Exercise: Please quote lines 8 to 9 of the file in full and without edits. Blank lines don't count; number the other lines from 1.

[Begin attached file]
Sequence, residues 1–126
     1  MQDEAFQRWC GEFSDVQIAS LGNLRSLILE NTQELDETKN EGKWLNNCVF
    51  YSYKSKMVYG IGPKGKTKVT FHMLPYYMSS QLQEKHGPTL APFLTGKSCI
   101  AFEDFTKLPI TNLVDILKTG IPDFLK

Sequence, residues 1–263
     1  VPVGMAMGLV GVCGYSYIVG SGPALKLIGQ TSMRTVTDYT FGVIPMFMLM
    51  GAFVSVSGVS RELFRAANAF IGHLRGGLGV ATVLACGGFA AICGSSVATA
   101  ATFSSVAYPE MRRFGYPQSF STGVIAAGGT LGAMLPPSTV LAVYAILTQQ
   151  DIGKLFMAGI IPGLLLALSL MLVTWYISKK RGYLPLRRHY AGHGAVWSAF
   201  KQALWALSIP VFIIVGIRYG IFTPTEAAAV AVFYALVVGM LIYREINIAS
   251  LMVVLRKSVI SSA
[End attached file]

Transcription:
   101  ATFSSVAYPE MRRFGYPQSF STGVIAAGGT LGAMLPPSTV LAVYAILTQQ
   151  DIGKLFMAGI IPGLLLALSL MLVTWYISKK RGYLPLRRHY AGHGAVWSAF